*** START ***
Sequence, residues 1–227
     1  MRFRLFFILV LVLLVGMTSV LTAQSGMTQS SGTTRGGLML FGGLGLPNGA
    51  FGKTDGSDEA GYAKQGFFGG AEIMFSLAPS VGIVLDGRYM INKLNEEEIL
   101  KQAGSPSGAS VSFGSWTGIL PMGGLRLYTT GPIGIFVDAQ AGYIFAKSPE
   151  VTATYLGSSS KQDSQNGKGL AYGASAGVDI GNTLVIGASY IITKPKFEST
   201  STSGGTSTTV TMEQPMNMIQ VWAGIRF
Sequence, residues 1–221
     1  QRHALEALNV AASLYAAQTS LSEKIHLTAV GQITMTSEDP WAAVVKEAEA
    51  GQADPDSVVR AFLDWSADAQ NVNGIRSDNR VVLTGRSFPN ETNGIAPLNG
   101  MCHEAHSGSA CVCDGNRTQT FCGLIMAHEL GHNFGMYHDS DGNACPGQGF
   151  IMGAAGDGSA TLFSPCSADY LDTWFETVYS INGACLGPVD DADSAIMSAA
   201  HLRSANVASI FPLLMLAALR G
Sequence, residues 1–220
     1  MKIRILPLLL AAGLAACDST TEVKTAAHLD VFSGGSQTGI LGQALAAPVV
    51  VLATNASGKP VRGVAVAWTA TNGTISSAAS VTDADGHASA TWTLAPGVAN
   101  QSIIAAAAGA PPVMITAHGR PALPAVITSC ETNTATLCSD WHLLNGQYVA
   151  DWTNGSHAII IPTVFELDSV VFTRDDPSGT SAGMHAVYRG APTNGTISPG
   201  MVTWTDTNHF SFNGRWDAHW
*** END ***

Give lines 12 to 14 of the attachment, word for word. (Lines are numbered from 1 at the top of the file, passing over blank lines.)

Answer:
   201  HLRSANVASI FPLLMLAALR G
Sequence, residues 1–220
     1  MKIRILPLLL AAGLAACDST TEVKTAAHLD VFSGGSQTGI LGQALAAPVV